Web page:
What are possible complications of Flexible Sigmoidoscopy?
Flexible sigmoidoscopy and biopsy are safe when performed by doctors who are specially trained and experienced in these endoscopic procedures. Complications are rare, but it’s important for you to recognize early signs of possible complications. Contact your physician if you notice severe abdominal pain, fevers and chills, or rectal bleeding of more than one-half cup. Note that rectal bleedingcan occur several days after the biopsy.
UPPER GI ENDOSCOPY
What is an Upper Endoscopy?
Upper endoscopy lets your doctor examine the lining of the upper part of your gastrointestinal tract, which includes the esophagus, stomach and duodenum (first portion of the small intestine). Your doctor will use a thin, flexible tube called an endoscope, which has its own lens and light source, and will view the images on a video monitor. You might hear your doctor or other medical staff refer to upper endoscopy as upper GI endoscopy, esophagogastroduodenoscopy (EGD) or panendoscopy.
Why is Upper Endoscopy done?
Upper endoscopy helps your doctor evaluate symptoms of persistent upper abdominal pain, nausea, vomiting, or difficulty swallowing. It’s an excellent test for finding the cause of bleeding from the upper gastrointestinal tract. It’s also more accurate than x-ray films for detecting inflammation, ulcers, and tumors of the esophagus, stomach, and duodenum.
Your doctor might use upper endoscopy to obtain a biopsy (small tissue samples). A biopsy helps your doctor distinguish between benign and malignant (cancerous) tissues. Remember, biopsies are taken for many reasons, and your doctor might order one even if he or she does not suspect cancer. For example, your doctor might use a biopsy to test for Helicobacter Pylori, bacterium that causes ulcers.
Upper endoscopy is also used to treat conditions of the upper gastrointestinal tract. Your doctor can pass instruments through the endoscope to directly treat many abnormalities with little or no discomfort. For example, your doctor might stretch a narrowed area, remove polyps (usually benign growths), or treat bleeding.
How should I prepare for the procedure?
An empty stomach allows for the best and safest examination, so you should have nothing to eat or drink, including water, for approximately six hours before the examination. Your doctor will tell you when to start fasting.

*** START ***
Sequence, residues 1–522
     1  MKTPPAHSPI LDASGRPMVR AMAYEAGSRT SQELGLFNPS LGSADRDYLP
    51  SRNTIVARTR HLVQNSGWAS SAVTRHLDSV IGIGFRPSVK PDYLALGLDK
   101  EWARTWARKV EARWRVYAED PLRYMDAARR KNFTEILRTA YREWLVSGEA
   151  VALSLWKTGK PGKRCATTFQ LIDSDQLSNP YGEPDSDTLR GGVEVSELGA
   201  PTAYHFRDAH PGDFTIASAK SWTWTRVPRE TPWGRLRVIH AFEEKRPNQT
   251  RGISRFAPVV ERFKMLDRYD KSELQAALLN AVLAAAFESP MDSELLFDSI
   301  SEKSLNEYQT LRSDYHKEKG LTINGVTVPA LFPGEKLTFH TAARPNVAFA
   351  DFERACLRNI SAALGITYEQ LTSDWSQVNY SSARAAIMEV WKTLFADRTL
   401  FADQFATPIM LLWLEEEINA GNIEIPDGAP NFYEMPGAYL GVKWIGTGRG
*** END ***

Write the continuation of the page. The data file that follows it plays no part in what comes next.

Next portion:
Tell your doctor in advance about any medications you take; you might need to adjust your usual dose for the examination. Discuss any allergies to medications as well as medical conditions, such as heart or lung disease.
Alert your doctor if you require antibiotics prior to dental procedures, because you might need antibiotics prior to upper endoscopy as well.
What can I expect during upper endoscopy?
Your doctor might start by spraying your throat with a local anesthetic or by giving you a sedative to help you relax. You’ll then lie on your side and your doctor will pass the endoscope through your mouth and into the esophagus, stomach, and duodenum. The endoscope doesn’t interfere with your breathing. Most patients consider the test only slightly uncomfortable, and many patients fall asleep during the procedure.
What happens after the upper endoscopy?
You will be monitored until most of the effects of the medication have worn off. Your throat might be a little sore, and you might feel bloated because of the air introduced into your stomach during the test. You will be able to eat after you leave unless your doctor instructs otherwise.
Your doctor generally can tell you your test results on the day of your procedure; however, the results of some tests might take several days.
If you received sedatives, you won’t be allowed to drive after the procedure even though you might not feel tired. You should arrange for someone to accompany you home because the sedatives might affect your judgment and reflexes for the rest of the day.
What are possible complications of upper endoscopy?
Although complications can occur, they are rare when doctors who are specially trained and experience in this procedure perform the test. Bleeding can occur at a biopsy site or where a polyp was removed, but it’s usually minimal and rarely requires follow-up. Other potential risks include a reaction to the sedative used, complications from heart or lung disease, and perforation (a tear in the gastrointestinal tract lining). It is important to recognize early signs of possible complications. If you have a fever after the test, trouble swallowing, or increasing throat, chest, or abdominal pain, tell your doctor immediately.
Important Reminder: The preceding information is intended only to provide general information and not as a definitive basis for diagnosis or treatment in any particular case. It is very important that you consult your doctor about your specific condition.
Source: The American Society for Gastrointestinal Endoscopy